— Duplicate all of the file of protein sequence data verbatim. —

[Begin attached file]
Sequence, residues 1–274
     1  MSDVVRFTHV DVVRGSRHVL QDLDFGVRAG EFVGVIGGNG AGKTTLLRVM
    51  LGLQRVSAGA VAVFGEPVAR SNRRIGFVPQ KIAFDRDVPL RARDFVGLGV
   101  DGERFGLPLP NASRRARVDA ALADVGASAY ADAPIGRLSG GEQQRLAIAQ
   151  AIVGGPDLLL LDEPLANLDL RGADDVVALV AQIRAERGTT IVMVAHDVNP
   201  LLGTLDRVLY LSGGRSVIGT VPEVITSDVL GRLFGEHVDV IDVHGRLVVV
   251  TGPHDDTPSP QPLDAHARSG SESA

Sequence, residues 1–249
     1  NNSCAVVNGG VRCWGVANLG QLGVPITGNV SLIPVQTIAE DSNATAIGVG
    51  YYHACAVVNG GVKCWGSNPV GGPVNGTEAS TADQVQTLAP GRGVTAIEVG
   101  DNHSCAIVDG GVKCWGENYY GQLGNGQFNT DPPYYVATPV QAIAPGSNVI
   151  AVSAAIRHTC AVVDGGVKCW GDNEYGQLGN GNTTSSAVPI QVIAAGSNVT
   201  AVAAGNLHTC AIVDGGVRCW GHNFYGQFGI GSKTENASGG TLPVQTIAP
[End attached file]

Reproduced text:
Sequence, residues 1–274
     1  MSDVVRFTHV DVVRGSRHVL QDLDFGVRAG EFVGVIGGNG AGKTTLLRVM
    51  LGLQRVSAGA VAVFGEPVAR SNRRIGFVPQ KIAFDRDVPL RARDFVGLGV
   101  DGERFGLPLP NASRRARVDA ALADVGASAY ADAPIGRLSG GEQQRLAIAQ
   151  AIVGGPDLLL LDEPLANLDL RGADDVVALV AQIRAERGTT IVMVAHDVNP
   201  LLGTLDRVLY LSGGRSVIGT VPEVITSDVL GRLFGEHVDV IDVHGRLVVV
   251  TGPHDDTPSP QPLDAHARSG SESA

Sequence, residues 1–249
     1  NNSCAVVNGG VRCWGVANLG QLGVPITGNV SLIPVQTIAE DSNATAIGVG
    51  YYHACAVVNG GVKCWGSNPV GGPVNGTEAS TADQVQTLAP GRGVTAIEVG
   101  DNHSCAIVDG GVKCWGENYY GQLGNGQFNT DPPYYVATPV QAIAPGSNVI
   151  AVSAAIRHTC AVVDGGVKCW GDNEYGQLGN GNTTSSAVPI QVIAAGSNVT
   201  AVAAGNLHTC AIVDGGVRCW GHNFYGQFGI GSKTENASGG TLPVQTIAP